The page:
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A More Circular Season: Tips for Greening Your Holidays

During the 2021 holiday season, shoppers expect to spend an average of $998 on gifts and other holiday expenses according to the National Retail Federation (NRF) Holiday and Seasonal Trends survey. We encourage you to take a look at your own spending this season and consider if it's sustainable for the planet. For instance, the US uses 4.6 million pounds of wrapping paper in the month of December, the majority of which will be sent to our landfills along with over 10 million Christmas trees. We're not just here to dampen your holiday spirit with stats though - our team has put together a collection of practical (and even fun!) green alternatives.



Gifts:

We might assume that most of our wrapping paper can be recycled but in reality, much of it is lined with plastic or includes glitter that prevents this from happening. Let's cut down on our packaging AND products!

  • Make a donation in someone's name to a cause / organization that connects you or reflects their passions

  • Gift an experience rather than an object

  • Buy less and prioritize lasting items

  • Buy from local businesses

  • Buy from small businesses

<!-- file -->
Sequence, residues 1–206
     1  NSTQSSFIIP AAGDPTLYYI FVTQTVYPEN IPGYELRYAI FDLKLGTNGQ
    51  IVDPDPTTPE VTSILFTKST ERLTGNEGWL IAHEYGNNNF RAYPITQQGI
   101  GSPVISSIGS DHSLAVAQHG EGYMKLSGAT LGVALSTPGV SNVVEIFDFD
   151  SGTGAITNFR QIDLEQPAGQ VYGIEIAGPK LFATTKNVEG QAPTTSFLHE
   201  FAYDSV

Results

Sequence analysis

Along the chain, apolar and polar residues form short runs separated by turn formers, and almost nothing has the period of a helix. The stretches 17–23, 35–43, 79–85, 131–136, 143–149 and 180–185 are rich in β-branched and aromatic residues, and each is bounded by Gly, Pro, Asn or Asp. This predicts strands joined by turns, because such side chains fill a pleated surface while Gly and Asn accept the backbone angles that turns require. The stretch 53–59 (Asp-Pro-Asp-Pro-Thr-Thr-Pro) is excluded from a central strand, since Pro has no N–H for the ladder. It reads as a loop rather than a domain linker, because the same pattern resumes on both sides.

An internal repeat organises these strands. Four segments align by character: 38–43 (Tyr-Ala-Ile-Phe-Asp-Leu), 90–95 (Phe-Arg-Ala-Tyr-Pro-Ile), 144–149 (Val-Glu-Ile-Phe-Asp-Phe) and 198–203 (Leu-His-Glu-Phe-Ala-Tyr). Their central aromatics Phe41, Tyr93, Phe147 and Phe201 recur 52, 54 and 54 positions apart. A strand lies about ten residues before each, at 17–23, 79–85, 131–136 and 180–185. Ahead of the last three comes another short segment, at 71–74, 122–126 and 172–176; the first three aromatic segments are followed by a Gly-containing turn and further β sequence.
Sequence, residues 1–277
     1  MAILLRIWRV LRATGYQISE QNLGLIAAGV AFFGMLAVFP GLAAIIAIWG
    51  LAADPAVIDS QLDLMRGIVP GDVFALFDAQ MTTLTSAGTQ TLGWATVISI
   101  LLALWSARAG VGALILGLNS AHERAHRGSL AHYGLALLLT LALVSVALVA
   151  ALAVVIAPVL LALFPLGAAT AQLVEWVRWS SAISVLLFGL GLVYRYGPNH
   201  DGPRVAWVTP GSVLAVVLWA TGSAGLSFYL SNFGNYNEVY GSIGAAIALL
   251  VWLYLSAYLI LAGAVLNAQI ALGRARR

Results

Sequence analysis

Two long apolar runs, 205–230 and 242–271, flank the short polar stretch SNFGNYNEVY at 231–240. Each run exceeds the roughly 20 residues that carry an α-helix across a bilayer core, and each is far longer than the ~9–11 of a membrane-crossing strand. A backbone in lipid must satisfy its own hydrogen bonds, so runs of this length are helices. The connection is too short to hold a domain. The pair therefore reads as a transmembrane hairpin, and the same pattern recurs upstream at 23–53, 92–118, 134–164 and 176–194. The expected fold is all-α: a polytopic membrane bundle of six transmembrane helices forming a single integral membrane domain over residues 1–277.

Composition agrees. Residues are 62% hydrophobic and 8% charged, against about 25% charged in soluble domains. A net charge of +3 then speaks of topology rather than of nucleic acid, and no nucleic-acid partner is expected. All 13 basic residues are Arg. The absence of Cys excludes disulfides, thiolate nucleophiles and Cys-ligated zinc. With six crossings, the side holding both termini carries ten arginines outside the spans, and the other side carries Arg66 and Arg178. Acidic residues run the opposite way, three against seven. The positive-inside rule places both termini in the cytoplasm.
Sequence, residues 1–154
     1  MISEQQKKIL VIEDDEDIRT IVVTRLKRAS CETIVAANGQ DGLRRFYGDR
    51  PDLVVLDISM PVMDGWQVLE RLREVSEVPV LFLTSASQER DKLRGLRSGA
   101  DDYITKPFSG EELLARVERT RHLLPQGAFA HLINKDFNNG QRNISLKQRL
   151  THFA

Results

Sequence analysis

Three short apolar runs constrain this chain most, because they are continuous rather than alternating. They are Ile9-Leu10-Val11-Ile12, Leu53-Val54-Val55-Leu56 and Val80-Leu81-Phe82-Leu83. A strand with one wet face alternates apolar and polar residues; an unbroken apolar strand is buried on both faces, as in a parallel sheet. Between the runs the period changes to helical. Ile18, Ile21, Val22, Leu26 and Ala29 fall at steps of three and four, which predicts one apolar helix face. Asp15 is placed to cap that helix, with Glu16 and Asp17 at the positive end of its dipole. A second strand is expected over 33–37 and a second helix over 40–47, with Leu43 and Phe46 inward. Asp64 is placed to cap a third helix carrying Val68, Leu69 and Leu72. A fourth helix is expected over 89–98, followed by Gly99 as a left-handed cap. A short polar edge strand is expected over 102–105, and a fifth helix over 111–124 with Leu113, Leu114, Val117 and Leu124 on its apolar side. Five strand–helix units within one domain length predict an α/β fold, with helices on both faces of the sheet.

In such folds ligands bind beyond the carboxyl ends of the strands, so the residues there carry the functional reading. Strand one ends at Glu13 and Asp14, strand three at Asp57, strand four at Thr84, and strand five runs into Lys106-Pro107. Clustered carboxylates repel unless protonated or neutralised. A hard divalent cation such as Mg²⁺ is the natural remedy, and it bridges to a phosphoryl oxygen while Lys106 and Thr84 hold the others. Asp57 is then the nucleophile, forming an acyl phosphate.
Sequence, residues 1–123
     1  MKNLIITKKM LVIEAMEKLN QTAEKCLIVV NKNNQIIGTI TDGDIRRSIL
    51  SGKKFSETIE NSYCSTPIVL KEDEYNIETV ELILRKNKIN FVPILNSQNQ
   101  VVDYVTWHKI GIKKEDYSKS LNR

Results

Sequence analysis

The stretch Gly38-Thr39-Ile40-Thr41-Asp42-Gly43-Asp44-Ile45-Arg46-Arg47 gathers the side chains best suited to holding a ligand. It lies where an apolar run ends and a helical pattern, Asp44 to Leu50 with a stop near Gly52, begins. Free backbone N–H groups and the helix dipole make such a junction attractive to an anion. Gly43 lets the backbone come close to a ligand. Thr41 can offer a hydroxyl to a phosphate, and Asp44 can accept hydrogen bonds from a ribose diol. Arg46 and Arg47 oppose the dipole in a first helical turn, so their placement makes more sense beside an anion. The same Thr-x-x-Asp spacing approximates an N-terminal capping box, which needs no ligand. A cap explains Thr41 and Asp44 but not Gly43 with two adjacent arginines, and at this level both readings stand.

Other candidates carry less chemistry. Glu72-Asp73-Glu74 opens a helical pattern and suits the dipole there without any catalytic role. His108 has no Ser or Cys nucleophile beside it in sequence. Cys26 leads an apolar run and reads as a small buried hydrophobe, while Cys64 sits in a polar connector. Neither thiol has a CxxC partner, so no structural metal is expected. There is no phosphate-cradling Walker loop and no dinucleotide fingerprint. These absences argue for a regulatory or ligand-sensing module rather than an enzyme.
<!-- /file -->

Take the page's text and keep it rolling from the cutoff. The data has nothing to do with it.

• Make the wrapping part of the gift - scarves, bandanas, tea towels etc.

  • Commit to reusing gift bags with your friends and family

  • Wrap with newspaper or craft paper - you could decorate it as a family activity!


Trees:

While trees do break down naturally, a lot of municipal trash ends up underground where there’s little oxygen. The bacteria that thrive in these places tend to turn that carbon into methane, which does more than 20 times as much damage to global temperatures as carbon dioxide. Instead, we should be looking for ways to trap that carbon in the wood so that it can return to the soil.


Most major cities host a Christmas tree recycling program where you can drop off your tree at designated parks for it to be turned into mulch. This year, Chicago will have 25 locations! If you're planning to do a drop off, consider taking along the trees of a neighbor or two as well!



Snow / Ice Removal:

Common ice melt (sodium chloride) is harmful to plants and fish, corrodes wood and metal, and burns pets' paws. While alternatives exist, it is also important to not overuse ice melt in general. Its primary purpose is to actually break the bond between ice and the surface it is on, allowing it to be more easily shoveled/plowed. That's why municipalities will salt roads before the snow starts so it doesn't stick. However, most people rely on the melting properties to remove ice buildup entirely, or are simply unaware of how much to apply.


Alternatives to try:

  • Potassium Formate (SynaTek Entry, Bare Ground Clear Way, Glide Path) - Paw safe, biodegradable, good to -20F, liquid only, hard to find

  • Calcium Chloride (Safe Step 7300) - Paw safe, works fast, even less corrosive, good to -25F

  • Magnesium Chloride (Safe Step 8300) - Paw safe, works fast, less corrosive, good to -5F

  • Calcium Magnesium Acetate aka CMA (most other 'pet safe' products) - Non-toxic, paw safe, expensive, good to +20F

  • Sugar Beet (Fusion 2330) - paw safe, plant safe, can harm waterways, good to -20F, very expensive, can stain surfaces, hard to find

  • Urea / Carbonyl Diamide (Safe Paw) - Non-toxic, paw safe, good to -2F, less effective than other options